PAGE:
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Shield Booster Discussion

Original Post:

...what is going on now with shield boosters and the AAP? Rumor I heard was that they weren't recommending them and cosco was going to finally stop making them. I noticed that all the big box stores here are clearancing them like they won't be around much longer...


I wanted to clear up the rumor reported about Cosco's Grand Explorer.

Cosco has asked AAP to review its recommendation based on extensive documentation which we have provided that the Grand Explorer performs as well as or better than any other type of seat. This documentation includes rollover testing and head excursion data. Although we have repeatedly requested it, Cosco has never been provided with any research showing the Grand Explorer presents problems. We would be happy to provide our documentation to anyone who would like it; please email me you mailing address.


These comments regarding shield boosters may be lengthy, but they include a relatively complete history of recommendations regarding the use of shield boosters. All references are available from me if anyone wants the documentary back-up.

According to my research, the American Academy of Pediatrics (AAP) first recommended against using booster seats for children weighing less than 40 pounds in 1989. In January, 1989, the National Highway Traffic Safety Administration (NHTSA) urged parents to keep children in convertible seats until they weighed 40 pounds and recommended that a shield booster should ONLY be used with lap belts (Cosco, of course, markets the Grand Explorer for use with lap/shoulder belts). Also beginning in 1989, SafeRideNews recommended shield boosters only for children "who have outgrown conventional safety seats at about four years or 40 pounds." These experienced, expert child advocates have maintained these recommendations ever since.

In July, 1991, NHTSA stated that "It is important that children smaller than 40 lbs. or 40 inches remain in a convertible seat. The convertible seat provides better protection for small children than does a booster seat." In March, 1992, NHTSA stated in its Child Passenger Safety Resource Manual that using a shield booster for a child weighing under 40 pounds was actually MISUSE! In July, 1992, Carol Dingledy from Cosco wrote NHTSA and acknowledged that Cosco was aware that "many organizations recommend that auto booster seats be used only by children over 40 pounds." In August, 1991, Safety Belt Safe (SBS USA) recommended that, "especially with small shield boosters, SBS USA recommends waiting until your child is over 4 years of age, over 40 lbs in weight, and is so tall that the child's head and ears are emerging from the top of the conventional safety seat." To my knowledge, Stephanie Tombrello (director of SBS USA) has maintained this position ever since.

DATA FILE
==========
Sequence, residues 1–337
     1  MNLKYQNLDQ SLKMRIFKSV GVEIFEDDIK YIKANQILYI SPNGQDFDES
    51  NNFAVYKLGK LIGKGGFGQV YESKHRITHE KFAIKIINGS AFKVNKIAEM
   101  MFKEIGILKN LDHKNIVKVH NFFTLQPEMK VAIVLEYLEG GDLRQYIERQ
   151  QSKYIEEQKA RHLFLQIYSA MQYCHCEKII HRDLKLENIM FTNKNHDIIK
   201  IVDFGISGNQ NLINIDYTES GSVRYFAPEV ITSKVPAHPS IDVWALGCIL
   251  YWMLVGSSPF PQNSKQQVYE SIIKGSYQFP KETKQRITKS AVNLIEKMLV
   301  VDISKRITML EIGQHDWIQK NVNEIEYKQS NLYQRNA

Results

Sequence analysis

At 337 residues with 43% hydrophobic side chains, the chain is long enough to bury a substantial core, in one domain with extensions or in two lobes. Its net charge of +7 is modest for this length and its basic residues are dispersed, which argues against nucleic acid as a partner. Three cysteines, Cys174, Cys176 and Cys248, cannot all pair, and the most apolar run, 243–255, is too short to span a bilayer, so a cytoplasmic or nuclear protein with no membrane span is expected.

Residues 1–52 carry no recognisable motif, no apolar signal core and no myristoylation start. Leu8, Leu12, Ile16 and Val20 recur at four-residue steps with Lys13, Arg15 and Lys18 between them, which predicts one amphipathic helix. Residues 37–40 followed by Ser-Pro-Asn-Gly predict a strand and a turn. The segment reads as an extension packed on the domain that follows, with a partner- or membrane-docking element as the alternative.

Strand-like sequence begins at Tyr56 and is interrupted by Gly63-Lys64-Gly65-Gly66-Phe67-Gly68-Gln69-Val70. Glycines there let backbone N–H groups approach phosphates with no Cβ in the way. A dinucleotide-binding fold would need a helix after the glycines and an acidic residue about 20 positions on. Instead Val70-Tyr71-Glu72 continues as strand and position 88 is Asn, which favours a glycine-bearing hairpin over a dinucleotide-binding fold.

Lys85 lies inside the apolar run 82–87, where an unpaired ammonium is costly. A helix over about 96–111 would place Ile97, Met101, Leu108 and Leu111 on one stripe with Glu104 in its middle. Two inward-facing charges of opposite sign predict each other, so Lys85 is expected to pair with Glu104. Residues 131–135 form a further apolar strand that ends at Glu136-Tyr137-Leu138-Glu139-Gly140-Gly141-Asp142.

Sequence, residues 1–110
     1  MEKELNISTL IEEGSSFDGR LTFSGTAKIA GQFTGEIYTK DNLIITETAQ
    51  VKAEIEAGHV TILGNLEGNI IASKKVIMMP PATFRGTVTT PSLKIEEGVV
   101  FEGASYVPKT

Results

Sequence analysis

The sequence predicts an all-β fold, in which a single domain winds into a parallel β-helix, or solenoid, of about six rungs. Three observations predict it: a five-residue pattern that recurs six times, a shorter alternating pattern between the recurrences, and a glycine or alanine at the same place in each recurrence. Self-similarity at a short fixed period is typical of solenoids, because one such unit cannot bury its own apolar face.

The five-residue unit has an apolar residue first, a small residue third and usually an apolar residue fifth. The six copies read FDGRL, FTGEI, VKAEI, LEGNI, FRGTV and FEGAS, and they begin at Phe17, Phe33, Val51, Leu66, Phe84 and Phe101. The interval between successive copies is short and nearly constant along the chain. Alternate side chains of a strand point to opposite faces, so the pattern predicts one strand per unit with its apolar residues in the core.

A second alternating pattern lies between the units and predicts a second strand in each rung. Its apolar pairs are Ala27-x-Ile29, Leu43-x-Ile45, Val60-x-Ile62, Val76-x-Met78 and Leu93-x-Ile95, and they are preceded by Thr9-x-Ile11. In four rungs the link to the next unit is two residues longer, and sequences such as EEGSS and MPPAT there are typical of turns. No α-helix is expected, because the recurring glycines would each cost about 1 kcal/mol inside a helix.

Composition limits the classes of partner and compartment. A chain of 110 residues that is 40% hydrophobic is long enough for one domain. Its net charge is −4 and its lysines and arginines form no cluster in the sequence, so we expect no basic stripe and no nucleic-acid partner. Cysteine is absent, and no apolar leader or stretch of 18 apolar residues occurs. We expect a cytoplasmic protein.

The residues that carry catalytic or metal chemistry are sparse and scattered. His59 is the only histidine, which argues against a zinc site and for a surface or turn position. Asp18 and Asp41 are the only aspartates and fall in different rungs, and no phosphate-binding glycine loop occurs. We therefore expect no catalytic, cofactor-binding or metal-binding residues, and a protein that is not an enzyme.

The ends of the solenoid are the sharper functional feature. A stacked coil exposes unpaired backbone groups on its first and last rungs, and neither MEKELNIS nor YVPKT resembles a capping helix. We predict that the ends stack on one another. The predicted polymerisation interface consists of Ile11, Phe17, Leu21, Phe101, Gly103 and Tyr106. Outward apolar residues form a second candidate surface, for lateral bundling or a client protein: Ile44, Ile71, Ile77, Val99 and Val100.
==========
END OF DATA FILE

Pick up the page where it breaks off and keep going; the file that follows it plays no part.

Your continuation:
In August, 1993, National Safe Kids recommended boosters only for children weighing between 40 and 60 pounds.

In May, 1995, Transport Canada published a report of real world testing it had conducted which proved that small shield boosters increased the chances of ejection in rollover crashes. The purpose of the testing was to determine if the 40 lb. weight minimum in CMVSS 213 should remain at 40 pounds for boosters. They left the weight minimum alone. The report concluded that: "A child less than 39.6 lbs has a high risk of being ejected from an abdominal shield booster in a roll-over event."

In 1995, NHTSA again stated that a shield booster should only be used with a lap belt. It also stated that "if your car has combination lap and shoulder belts, and the shield is detachable, the booster base should be used alone." (Again contrary to what Cosco recommends).

In 1996, AAP issued a formal Policy Statement recommending that "a booster seat should be used when the child has outgrown a convertible seat but is too small to fit properly in a vehicle safety belt." It further stated that a belt positioning booster (BPB) is preferable to a shield booster, which should only be used with lap belts.

In 1997, a paper was presented at the Child Occupant Protection 2nd Symposium Proceedings in Orlando, Florida. It was published by Society of Automotive Engineers (SAE) and peer reviewed by numerous industry experts prior to publication. After analyzing numerous real world crashes involving shield boosters, it concluded that such seats are "less desirable than convertible child restraints for children 20-40 lbs." It also recommended that "every effort should be made to inform the public that these devices provide inadequate crash protection and that there are superior alternatives."

In 1998, Riley Hospital in Indianapolis published recommendations stating that convertible seats should be used for children up to 40 pounds.

In 1999, General Motors and the American Medical Association (AMA) published recommendations stating that any child under 40 pounds should remain in a forward facing restraint and over 40 in a BPB. There was no mention of the shield booster for any weight at all; Cosco's Grand Explorer was the only seat on the market at the time.

In 1999, the U.S. government's department of Health and Human Services confirmed that "shield boosters . . . do not provide as much upper body protection" as other seats and it repeated AAP's recommendation that "shield boosters not be used for children weighing <40 lbs, even if they are labeled for use at a lower weight. Shield boosters should only be used with their shields removed so they can function as belt-positioning booster seats . . .." At the time, ONLY Cosco/Dorel had a seat "labeled for use at a lower weight" available in the marketplace.

In 1999, Drs. Winston and Durbin (who are running the Children's Hospital of Philadelphia (CHOP) studies in Philadelphia -- a study that Cosco/Dorel has held out as "the most comprehensive study of actual crashes" ever made) published an article wherein they stated that "children should remain in CSS until they are at least 4 years old and weigh 18 kg. (39.6 lb.s), at which point they should be placed in booster seats." Importantly, these two eminently qualified experts stated "shield boosters are no longer recommended because they do not provide enough upper body protection and have a risk of ejection from the shield booster in rollover crash(es)."